Serial Bus

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Paid For By Friends of Rob Astorino

with one comment

As I took the stairs up to the platform at the Pelham Metro-North station a couple of weeks back, I was relieved that I had beaten the train to the finish line. Many of the days, I see it rushing past me as I huff up the stairs. Anyways, so there I was, standing when an elderly gentleman came and politely handed me a pamphlet about Rob Astorino, a candidate for the county executive elections on Nov 3. He also mentioned that Rob was near the middle of the platform answering questions. He perhaps did not know that some of us would never move an inch away from our end of the platform because that’s where the first car of the train stops which would deliver us closest to the main concourse of the Grand Central station, allowing us to stomp out quickly and melt into the morning crowd of NYC. But, hey, Rob, though I am not franchised in the US, I did read your pamphlet.

Now, I must admit that I had not heard of Rob until I got the pamphlet. I have not heard of him since either – this is perhaps more a testament to my ignorance than his popularity. And, in writing this post, I decided to not research him and write just about the pamphlet. So, yes, I do not know if he won.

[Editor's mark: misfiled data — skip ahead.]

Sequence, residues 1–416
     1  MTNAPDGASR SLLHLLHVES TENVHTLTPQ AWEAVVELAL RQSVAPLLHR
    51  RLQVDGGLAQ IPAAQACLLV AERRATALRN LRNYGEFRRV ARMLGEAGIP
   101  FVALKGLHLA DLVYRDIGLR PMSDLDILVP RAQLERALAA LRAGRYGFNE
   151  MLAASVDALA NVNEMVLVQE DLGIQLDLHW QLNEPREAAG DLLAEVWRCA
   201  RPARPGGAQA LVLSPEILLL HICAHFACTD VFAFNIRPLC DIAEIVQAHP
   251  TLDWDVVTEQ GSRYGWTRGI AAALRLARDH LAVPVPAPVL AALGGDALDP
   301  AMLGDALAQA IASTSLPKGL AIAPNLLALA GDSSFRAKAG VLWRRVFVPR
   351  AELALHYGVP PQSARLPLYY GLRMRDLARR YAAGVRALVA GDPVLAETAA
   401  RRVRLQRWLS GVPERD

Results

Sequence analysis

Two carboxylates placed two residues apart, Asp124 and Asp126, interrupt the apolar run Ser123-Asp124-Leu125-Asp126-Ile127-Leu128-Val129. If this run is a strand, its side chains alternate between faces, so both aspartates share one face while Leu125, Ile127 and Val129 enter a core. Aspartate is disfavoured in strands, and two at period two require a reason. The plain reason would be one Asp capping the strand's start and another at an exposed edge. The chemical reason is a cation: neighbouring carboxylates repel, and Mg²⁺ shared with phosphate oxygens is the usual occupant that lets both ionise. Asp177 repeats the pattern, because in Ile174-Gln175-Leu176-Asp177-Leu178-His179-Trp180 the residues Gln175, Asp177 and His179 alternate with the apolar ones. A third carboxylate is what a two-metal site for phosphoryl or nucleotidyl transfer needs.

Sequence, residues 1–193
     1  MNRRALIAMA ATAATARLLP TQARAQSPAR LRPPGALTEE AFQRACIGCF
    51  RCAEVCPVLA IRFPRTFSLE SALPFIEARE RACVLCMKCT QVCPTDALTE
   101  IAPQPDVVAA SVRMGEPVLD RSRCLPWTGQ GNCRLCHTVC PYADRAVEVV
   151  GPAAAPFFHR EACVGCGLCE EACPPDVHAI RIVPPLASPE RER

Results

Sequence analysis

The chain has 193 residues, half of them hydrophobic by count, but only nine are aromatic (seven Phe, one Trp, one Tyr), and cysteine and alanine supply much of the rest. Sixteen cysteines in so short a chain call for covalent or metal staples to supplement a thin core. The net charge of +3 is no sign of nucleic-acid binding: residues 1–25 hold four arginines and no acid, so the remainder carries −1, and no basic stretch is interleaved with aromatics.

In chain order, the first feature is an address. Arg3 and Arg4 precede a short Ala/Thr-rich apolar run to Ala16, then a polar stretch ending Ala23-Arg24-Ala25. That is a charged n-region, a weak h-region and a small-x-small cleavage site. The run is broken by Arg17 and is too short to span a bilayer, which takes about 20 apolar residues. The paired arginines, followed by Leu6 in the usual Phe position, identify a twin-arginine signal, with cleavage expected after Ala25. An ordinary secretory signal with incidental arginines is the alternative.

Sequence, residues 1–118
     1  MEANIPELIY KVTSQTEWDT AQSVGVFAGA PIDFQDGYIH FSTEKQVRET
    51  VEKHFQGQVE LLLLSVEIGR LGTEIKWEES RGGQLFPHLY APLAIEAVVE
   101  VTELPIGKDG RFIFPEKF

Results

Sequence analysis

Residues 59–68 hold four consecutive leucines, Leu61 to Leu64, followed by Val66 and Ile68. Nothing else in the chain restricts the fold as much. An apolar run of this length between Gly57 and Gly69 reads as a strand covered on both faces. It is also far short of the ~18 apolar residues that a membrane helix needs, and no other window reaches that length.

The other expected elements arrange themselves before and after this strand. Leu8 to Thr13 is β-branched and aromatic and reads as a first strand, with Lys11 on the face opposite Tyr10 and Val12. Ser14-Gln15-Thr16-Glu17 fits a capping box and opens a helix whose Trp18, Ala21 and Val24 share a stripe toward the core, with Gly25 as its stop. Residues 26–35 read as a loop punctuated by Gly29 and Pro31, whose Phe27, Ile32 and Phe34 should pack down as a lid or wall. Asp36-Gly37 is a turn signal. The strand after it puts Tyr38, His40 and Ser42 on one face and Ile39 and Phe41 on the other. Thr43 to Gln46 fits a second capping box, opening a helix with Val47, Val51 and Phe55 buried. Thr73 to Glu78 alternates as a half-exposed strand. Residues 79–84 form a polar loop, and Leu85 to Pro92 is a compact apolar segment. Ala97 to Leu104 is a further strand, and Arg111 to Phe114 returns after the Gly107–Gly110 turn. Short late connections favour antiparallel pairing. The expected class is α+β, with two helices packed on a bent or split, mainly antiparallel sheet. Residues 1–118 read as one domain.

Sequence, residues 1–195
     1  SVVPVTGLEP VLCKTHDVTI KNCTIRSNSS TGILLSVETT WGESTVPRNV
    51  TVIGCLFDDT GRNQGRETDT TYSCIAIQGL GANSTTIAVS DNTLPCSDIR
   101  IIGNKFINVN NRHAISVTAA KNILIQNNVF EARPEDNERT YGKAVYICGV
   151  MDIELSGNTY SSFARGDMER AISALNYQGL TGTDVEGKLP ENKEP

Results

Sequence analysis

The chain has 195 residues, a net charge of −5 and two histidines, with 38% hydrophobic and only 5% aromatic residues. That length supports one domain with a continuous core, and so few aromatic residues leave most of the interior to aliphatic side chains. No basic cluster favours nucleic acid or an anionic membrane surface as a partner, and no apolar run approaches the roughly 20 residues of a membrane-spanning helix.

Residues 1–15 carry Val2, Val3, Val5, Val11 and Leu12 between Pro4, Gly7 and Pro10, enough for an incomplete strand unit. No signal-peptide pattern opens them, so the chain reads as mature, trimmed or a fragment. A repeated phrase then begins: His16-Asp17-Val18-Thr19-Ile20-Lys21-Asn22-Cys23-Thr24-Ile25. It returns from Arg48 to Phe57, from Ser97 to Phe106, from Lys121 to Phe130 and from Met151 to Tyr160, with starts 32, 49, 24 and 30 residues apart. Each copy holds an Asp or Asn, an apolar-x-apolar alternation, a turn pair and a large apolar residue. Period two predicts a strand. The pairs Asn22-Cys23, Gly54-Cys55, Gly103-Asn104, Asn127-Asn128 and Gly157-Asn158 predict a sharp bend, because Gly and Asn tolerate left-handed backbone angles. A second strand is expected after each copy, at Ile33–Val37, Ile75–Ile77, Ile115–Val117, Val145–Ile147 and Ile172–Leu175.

The pamphlet does a great job of playing to the gallery. It’s like any election pamphlet I have seen in India, only more slick and glossy. It fulfills the time-honored criteria of what a pamphlet should look like – evoke the tragedy of the present times, trash your competition, promise deliverance and paint yourself as the messiah.

So, on the top is a beaming picture of Rob Astorino in a dapper business suit with a chrome yellow tie. The twinkle in his eyes and the smile in his face are meant to assure you that he is wise yet warm. Underneath the picture, it says ‘Change is coming to Westchester’. This, I found tiresome – Obama used the word ‘Change’ so much last year that it is not only hackneyed by now, it has also begun to evoke some level of distrust after about 1 year of Obama in office, which he does not have much to show for. So, while Rob sounds like a Republican inside the pamphlet, the front cover tries nicely and foolishly to hitch him to the Obama bandwagon.